Cockleshell Hero
Home Up Juno Gloucester Cockleshell Hero



While Bill Sparks has nothing to do with Crete, he was a brave man whose exploits in a kayak gave rise to the legend of the Cockleshell Heroes.  I have used a tenuous link with Crete.  Bill's brother, Bonny, was killed when the cruiser Naiad sank.  The Naiad had been involved in the naval activity off Crete during the battle.  I have taken the photo from the Royal Navy website.
I remember as a boy going to see the 1955 black and white film, Cockleshell Heroes, with Anthony Newley playing Bill Sparks.  Just recently the last of those brave men, Marine Bill Sparks, died.  His obituary was in the Daily Telegraph, and there was also a television documentary featuring Bill on one of his trips back to France to meet the family who had helped him at one point in his escape.
The following is from the Daily Telegraph.
Marine Bill Sparks was the last of the two surviving "Cockleshell Heroes" responsible for paddling a canoe 85 miles through enemy defences to cripple German merchant ships at Bordeaux.  During the night of December 11 1942, 10 Royal Marines set out in five craft; but eight of them were shot or drowned.  Sparks and Major "Blondie" Hasler found themselves pursued through France and Spain by vengeful Germans for three months before they reached safety.
When Hasler summoned his marines to the forward torpedo room of the submarine Tuna before the operation, they were told that their mission was to attack a fleet of armed German merchantmen, which was preparing to raid British shipping.  An attack using kayaks, known as cockleshells, was the only alternative to bombing, which would have caused heavy civilian casualties.  Hasler's platoon spent five days in Tuna, escaping a U-boat attack en-route.  They reached their launch point in the Bay of Biscay, 10 miles from the river Gironde, but had to remain bottomed for 24 hours because of poor weather.
By the evening of December 7, the sea was calmer and Hasler and Sparks launched their cockleshell, Cachalot, first.  Sergeant Wallace and Marine Ewart were soon captured, interrogated and shot; Coporal Shard and Marine Moffatt were drowned.  Lieutenant Mackinnon and Marine Conway went missing.  Hasler and Sparks pressed on with Corporal Laver and Marine Mills.  Although the Germans were now alerted, the two craft avoided sentry positions and three patrol boats in the estuary.
Sparks and Hasler were seen, but not compromised, by French civilians as they used the flood tide by night and lay in hiding by day.  Sparks remembered savouring every brew of tea and the frequent use of Benzedrine tablets to stave off sleepiness: he also shared his illicit bottle of rum with Hasler.  On the third night, cold, wet and tired, the two boats lay up on the small Ile de Cazeau, which was home to a German anti-aircraft battery, but the marines' fieldcraft was so good that enemy patrols failed to detect them.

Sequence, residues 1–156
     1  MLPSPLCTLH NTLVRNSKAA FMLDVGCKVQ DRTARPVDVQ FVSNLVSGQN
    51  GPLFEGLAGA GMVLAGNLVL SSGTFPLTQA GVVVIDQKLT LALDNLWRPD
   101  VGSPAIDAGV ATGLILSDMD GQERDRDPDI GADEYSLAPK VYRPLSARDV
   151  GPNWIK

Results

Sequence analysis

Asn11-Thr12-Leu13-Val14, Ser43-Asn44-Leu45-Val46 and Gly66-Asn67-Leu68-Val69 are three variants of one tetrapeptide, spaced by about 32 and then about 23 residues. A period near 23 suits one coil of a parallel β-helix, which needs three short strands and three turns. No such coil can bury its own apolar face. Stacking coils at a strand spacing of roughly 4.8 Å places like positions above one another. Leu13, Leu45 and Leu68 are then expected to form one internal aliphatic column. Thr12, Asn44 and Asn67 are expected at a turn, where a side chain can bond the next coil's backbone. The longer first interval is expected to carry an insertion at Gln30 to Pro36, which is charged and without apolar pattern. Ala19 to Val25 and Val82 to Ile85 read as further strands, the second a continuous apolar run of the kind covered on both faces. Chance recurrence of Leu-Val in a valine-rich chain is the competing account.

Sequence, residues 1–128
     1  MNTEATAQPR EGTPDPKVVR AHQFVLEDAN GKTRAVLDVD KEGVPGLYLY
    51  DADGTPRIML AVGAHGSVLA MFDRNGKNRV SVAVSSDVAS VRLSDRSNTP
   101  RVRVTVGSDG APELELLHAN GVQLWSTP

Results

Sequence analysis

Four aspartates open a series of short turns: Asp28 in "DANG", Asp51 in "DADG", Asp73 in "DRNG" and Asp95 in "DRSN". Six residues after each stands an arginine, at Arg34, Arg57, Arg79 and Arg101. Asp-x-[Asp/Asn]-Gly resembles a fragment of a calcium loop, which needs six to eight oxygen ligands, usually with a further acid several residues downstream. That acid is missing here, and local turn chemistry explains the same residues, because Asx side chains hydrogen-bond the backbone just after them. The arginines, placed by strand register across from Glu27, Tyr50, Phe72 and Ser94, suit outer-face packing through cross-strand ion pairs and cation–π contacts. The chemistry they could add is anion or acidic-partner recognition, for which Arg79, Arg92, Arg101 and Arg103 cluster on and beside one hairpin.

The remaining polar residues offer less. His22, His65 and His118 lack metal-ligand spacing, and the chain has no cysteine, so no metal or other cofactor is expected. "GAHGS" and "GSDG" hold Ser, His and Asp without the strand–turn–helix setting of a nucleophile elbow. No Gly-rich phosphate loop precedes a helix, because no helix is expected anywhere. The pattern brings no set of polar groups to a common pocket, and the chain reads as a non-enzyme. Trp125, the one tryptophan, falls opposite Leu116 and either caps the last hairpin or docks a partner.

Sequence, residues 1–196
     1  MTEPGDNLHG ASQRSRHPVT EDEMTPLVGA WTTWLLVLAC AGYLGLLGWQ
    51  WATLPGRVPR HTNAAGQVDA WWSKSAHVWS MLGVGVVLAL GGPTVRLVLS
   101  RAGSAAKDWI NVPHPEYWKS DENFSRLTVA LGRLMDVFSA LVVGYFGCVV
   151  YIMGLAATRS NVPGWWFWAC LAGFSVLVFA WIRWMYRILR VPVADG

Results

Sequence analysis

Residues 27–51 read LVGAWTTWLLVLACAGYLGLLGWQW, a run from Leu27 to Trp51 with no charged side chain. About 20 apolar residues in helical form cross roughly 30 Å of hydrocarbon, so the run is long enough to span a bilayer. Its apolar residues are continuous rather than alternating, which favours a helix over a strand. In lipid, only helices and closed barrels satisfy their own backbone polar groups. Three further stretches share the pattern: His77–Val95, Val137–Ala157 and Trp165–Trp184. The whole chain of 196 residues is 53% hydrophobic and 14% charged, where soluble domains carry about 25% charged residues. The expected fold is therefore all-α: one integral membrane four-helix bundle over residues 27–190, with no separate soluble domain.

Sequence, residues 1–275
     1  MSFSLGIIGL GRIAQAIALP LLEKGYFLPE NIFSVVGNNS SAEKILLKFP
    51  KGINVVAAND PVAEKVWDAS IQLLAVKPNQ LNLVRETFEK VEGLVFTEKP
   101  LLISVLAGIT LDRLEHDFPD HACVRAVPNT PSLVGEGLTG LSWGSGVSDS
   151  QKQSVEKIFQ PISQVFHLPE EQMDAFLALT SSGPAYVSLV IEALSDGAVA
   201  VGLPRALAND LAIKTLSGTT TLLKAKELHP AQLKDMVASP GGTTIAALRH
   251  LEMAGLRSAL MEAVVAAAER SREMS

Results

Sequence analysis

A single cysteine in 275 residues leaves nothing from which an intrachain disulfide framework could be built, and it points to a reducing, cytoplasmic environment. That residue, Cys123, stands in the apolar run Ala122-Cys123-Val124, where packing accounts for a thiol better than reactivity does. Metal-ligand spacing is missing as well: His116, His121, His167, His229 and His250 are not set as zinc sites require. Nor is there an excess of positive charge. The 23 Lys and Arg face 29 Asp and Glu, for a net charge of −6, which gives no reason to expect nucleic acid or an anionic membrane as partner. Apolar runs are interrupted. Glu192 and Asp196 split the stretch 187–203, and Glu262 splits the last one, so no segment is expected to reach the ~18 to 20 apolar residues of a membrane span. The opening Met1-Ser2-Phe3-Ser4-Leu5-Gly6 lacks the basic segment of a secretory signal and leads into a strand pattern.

At nightfall they realised that they were sharing the island with Mackinnon and Conway, but these two found their craft damaged by a submerged hazard; they were betrayed and executed.  On the last night of their paddle, Sparks and Hasler hid in tall reeds within easy reach of Bordeaux, where they could sleep, eat and prepare within yards of the bustling harbour.  As the pair proceeded to place their limpet mines on the sides of ships, they thought that they had been seen by a sentry, and were crushed between two ships moving together.  They managed to escape silently on the ebb tide, and soon found Laver and Mills, who had also successfully placed their mines.  When the explosions took place, four ships were severely damaged and a fifth sunk.
After completing their demolition the two remaining pairs of canoeists sank their boats and began a trek to Ruffec, 100 miles away.  Sparks and Hasler spent the next two months in the hands of various agents, most notably Mary Lindell, a British agent who operated in the Lyons area.  Greta dangers were involved, though in one safe house Sparks felt more threatened by the overtures of the daughter of the family than by the Germans.  Eventually he and Hasler were led over the Pyrenees to Spain; but Laver and Mills were captured and shot.
In the TV program they showed that an annual memorial service is held to commemorate the brave exploits of those original 10 marines.  Bill was a regular visitor until his death.  There is now a ramblers walk to, the 'Cockleshell Walk', in France for those who want to re-create Bill Spark's escape.